Thermo Fischer launches new benchtop centrifuge

New benchtop centrifuge incorporates hybrid rotor for application flexibility


The centrifuge is designed for simple operation, and it features a large, brightly lit display

Thermo Fisher Scientific has introduced Medifuge, a small benchtop centrifuge. The new benchtop centrifuge features a unique 2-in-1 hybrid rotor that has interchangeable fixed-angle and swinging buckets to facilitate quick and convenient switching between applications.

Rotor exchange can be time-consuming and expensive, particularly for researchers constantly alternating between sample vessels. When coupled with the Thermo Scientific DualSpin rotor, the versatile Thermo Scientific Medifuge small benchtop centrifuge provides the flexibility to perform several applications on a single platform.

The unique 2-in-1-rotor is designed to improve productivity and increase cost efficiencies by eliminating the need to exchange or purchase additional rotors, or even a different centrifuge, to meet the application demands of the lab. The Medifuge centrifuge incorporates safety and environmental sustainability features such as an emergency lid-lock release, in case of power failure; quiet operation at less than 56 dBA; and a lightweight composite rotor that is easy to handle and saves energy during acceleration/deceleration. The compact footprint makes this new benchtop centrifuge an ideal choice for labs with limited space.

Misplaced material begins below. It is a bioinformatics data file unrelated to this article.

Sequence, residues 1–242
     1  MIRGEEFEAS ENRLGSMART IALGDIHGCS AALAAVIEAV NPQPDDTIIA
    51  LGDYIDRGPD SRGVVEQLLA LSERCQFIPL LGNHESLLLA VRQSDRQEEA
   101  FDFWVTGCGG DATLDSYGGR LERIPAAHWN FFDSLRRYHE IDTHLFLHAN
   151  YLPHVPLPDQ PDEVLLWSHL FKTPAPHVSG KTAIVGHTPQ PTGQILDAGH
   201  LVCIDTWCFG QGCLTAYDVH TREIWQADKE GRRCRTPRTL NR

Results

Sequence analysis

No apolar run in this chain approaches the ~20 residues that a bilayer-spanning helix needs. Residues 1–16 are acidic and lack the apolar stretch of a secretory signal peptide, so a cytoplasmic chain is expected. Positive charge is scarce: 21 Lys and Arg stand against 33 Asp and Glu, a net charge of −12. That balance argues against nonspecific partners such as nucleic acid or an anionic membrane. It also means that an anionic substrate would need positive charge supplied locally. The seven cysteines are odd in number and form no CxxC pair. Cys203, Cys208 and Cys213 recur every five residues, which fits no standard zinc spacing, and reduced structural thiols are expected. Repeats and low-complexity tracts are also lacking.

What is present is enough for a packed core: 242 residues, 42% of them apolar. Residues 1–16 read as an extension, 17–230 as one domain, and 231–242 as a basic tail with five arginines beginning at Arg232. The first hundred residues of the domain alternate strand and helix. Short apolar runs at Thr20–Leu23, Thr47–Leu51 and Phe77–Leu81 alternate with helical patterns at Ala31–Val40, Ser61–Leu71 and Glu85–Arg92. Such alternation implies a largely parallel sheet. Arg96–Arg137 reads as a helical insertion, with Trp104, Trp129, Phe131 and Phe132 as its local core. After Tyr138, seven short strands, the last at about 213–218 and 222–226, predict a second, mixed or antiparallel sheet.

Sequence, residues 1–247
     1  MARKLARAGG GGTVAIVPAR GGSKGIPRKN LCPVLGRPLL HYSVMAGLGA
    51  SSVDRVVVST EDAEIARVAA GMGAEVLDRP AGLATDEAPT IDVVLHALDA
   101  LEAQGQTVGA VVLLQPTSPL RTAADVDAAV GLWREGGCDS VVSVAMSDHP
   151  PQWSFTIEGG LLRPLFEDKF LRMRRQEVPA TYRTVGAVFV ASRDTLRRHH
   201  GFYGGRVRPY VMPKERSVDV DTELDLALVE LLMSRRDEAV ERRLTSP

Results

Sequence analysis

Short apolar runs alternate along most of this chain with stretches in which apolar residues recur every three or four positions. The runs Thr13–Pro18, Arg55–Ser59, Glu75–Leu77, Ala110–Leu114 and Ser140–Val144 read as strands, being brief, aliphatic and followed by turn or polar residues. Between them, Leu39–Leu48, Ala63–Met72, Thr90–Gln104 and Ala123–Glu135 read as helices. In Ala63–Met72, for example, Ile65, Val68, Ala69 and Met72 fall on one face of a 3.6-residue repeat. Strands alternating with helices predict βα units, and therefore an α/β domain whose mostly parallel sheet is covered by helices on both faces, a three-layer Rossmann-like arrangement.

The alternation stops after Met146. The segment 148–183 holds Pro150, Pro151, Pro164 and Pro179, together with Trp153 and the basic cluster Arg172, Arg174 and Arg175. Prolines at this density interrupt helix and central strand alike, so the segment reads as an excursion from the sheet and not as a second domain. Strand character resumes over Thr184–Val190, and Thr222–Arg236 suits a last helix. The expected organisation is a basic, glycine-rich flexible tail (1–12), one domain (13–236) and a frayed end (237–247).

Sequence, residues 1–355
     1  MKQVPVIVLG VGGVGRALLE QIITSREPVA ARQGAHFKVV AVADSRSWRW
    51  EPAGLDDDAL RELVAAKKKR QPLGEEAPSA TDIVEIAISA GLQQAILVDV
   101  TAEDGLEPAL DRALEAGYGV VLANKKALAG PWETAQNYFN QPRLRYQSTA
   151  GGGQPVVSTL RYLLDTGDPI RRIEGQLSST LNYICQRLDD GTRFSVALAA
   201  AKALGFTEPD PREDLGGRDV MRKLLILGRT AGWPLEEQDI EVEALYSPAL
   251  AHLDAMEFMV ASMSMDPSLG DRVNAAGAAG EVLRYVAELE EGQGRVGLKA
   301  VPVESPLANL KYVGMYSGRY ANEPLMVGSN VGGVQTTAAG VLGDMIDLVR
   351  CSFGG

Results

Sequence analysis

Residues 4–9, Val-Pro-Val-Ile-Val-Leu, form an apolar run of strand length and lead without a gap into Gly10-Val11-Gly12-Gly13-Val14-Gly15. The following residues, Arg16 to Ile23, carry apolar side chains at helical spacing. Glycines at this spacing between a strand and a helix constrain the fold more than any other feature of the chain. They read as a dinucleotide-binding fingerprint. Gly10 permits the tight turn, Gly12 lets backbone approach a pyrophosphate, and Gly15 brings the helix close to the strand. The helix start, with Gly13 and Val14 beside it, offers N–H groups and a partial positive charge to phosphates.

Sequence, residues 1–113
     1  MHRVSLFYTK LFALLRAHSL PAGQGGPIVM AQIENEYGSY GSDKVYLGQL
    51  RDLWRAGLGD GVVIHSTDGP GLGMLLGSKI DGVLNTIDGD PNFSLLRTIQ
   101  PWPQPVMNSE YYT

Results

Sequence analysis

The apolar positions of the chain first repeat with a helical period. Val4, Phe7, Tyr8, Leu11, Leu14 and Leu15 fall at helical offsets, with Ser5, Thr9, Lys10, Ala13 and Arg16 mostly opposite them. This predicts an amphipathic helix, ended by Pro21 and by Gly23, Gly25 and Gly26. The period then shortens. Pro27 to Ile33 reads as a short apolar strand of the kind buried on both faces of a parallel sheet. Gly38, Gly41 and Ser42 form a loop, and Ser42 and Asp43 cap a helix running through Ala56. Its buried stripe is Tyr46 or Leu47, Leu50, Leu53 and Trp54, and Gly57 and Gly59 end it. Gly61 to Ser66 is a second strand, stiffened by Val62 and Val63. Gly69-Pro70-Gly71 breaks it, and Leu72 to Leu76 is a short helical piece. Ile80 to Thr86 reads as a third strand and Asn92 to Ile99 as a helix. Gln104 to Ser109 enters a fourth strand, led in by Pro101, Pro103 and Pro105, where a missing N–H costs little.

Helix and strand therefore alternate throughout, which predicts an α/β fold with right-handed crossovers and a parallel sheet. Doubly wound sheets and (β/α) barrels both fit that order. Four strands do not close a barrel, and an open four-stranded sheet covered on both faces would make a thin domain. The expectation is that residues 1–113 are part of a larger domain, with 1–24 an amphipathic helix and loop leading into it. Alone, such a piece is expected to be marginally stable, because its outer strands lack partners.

The centrifuge is designed for simple operation, and it features a large, brightly lit display with intuitive controls and a fast one-click closure. The four customizable programs allow users to quickly run routine protocols, while three deceleration profiles - standard, soft and brake-off - are designed to provide optimal separation.

The centrifuge can accommodate a wide range of tubes, from 1.4 mL to 15 mL, with two spacer options, including clinical IVD blood tubes, gel tubes, standard syringes and conical tubes. Serum preparation can be done with the swinging buckets, which minimizes contamination risk, while cell pelleting, which often requires low g force, can be performed using the fixed-angle buckets. Researchers can also run both fixed-angle and swinging buckets at the same time for separation comparison studies.


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